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Wood Art, Basket Illusion, Wood Craft

About Me: Steve Mawson, Lincoln, NE

Experience & Creativity


In 2014 I took a class to learn how to make Indian Style baskets from wood.  My mentor is Jim Adkins, an expert in this type of woodturning.  I also continue to make other types of woodturnings such as bowls and wooden vases.

My Process

All my work starts at the wood lathe.  Additional embellishment takes place on some pieces.

My work starts at the wood lathe.  Additional embellishment takes place from there.

About Me

I have been a woodworker-making wood turnings most of my life.  My first learning about the wood lathe came from my Uncle Bob when I was about 8 years old.  Woodturning has been a continual process from there.  A new lathe in 2005 renewed my interest in the art as I started to take some one day classes from woodturning teachers.  Over the next few years two more lathes were purchased, one of those a Powermatic 3520B is what I mainly use today.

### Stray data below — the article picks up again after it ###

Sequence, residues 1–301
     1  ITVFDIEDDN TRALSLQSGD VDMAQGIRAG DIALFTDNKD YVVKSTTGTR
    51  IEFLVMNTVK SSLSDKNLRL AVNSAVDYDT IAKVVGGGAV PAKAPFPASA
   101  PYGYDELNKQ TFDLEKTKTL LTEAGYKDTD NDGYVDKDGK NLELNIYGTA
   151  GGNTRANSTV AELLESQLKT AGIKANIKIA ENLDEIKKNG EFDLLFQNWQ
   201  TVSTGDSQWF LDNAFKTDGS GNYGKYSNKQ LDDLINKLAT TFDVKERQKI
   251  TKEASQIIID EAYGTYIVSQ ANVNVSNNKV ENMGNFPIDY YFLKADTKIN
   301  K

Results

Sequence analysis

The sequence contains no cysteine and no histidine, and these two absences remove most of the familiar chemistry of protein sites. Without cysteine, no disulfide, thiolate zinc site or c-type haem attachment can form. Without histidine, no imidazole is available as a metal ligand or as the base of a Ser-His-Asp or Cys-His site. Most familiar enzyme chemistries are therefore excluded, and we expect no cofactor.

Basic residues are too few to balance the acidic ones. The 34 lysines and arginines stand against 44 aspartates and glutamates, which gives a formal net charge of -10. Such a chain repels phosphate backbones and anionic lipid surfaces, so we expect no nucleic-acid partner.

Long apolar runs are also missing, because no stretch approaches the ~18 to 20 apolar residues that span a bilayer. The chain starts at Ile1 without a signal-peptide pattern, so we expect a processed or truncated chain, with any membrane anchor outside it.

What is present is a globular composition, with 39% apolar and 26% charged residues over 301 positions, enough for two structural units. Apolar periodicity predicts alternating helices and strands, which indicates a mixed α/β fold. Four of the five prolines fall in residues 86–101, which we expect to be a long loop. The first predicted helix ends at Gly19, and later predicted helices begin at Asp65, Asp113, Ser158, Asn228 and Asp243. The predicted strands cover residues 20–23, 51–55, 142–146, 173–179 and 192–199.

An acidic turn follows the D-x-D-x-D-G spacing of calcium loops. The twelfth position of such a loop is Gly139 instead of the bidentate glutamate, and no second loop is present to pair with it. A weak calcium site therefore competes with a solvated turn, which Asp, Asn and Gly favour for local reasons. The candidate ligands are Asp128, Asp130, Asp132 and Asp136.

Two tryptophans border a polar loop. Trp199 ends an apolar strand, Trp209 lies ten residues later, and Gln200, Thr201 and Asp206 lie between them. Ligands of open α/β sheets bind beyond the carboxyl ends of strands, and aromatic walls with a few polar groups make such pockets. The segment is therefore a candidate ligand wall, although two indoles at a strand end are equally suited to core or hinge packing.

The Indian style baskets-wood art- are all made from wood, mainly maple and the patterns are adapted from traditional Native American woven baskets.  This continues to be a learning process as I research books written about various tribes from the Southwest and California.  

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More About Making Basket Illusion Pieces

Lathe Turning Process


All baskets start on the wood lathe.  A clear piece of wood that is light colored and tight grained work best.  I use mostly hard maple for the wood.  A tool called a beading tool makes the ridges that resemble the weaving of a basket.  These ridges are 1/8th inch wide.

Start of the pattern process


Pencil lines are laid out where a burning pen will be used in the pattern process.  The tip of the burning pen fits over the already made bead and makes a dark mark when touched by the hot burning pen.  Color will be added to the burned area in the next step.